HOUSTON (AP) — Bobby Riggs’ next big spectacle may be a leap off Suicide Bridge in Pasadena, California, while Billie Jean King is just happy to have made a spectacle of the 55-year-old hustler and to have won $200,000 to boot.

Screaming, delirious womens-libbers lit up more brightly than the rocket-shooting Astrodome scoreboard Thursday night when Mrs. King showed the devastating swiftness that won her five Wimbledon titles in defeating self-proclaimed male chauvinist Riggs 6-4, 6-3, 6-3 in the internationally televised battle of the sexes tennis extravaganza.

— Associated Press account of the Sept. 20, 1973 match.

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We’ve come a long way, baby.

All of us.

Athletes. Fans. Journalists.

But, oh my, do we have a long way to go.

As we mark the 44th anniversary of the landmark tennis match between Billie Jean King and Bobby Riggs, along with Friday’s release of the movie “Battle of the Sexes ,” it seems only fitting that we evaluate the state of women’s athletics.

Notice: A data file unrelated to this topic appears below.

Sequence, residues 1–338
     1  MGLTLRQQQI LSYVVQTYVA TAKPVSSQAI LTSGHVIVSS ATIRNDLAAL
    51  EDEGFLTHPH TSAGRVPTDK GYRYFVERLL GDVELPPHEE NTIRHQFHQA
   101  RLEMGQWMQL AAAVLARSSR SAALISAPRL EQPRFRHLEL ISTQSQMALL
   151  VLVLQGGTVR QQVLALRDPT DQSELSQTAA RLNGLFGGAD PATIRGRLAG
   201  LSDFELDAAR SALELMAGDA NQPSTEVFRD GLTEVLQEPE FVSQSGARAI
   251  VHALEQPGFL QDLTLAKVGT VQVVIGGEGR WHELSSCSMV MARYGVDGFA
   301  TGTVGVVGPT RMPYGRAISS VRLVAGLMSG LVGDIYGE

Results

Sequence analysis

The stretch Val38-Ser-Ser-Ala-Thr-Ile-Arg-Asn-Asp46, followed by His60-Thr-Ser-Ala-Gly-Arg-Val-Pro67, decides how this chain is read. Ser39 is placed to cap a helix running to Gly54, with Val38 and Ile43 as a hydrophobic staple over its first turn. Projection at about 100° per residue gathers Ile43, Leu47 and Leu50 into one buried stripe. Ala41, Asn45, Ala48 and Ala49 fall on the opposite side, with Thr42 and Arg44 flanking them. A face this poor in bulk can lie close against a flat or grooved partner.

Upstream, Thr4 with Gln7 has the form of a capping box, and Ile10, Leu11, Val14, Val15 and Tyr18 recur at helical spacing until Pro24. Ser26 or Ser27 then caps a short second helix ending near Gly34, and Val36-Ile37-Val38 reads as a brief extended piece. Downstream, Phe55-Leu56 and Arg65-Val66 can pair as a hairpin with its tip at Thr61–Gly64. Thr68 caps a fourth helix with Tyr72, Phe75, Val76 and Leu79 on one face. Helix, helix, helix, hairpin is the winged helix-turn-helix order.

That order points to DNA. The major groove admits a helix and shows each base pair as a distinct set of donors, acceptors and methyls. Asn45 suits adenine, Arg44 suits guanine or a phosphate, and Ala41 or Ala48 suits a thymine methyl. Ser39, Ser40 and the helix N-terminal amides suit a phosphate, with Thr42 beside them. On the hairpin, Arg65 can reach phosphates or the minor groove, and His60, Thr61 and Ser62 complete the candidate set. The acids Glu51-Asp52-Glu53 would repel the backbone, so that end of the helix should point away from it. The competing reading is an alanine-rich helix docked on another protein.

Clearly, there are far more opportunities for girls and young women to pursue their sporting dreams, much of it thanks to the Title IX law that was enacted just 15 months before the King-Riggs melodrama. It guarantees equal access to any program or activity receiving federal dollars, which pretty much covers all major college athletic programs.

In terms of participation by female athletes, Title IX has been an undeniable success.

But that’s only through the college level.

When it comes to making a living through sports — not getting rich, mind you, just a living wage — the opportunities are far more limited for a woman than a man.

There are some successes, of course, particularly in the individual sports such as tennis and golf. But when it comes to female team sports, especially in the United States, there just aren’t any success stories. Not even the WNBA, the women’s league with the most staying power and probably the only one that most die-hard sports fans are even aware of, can’t be classified as a huge leap forward.

Even now, more than two decades after its founding, it remains a league that is played for a few months in the summers — outside of the traditional basketball season — for pay that remains…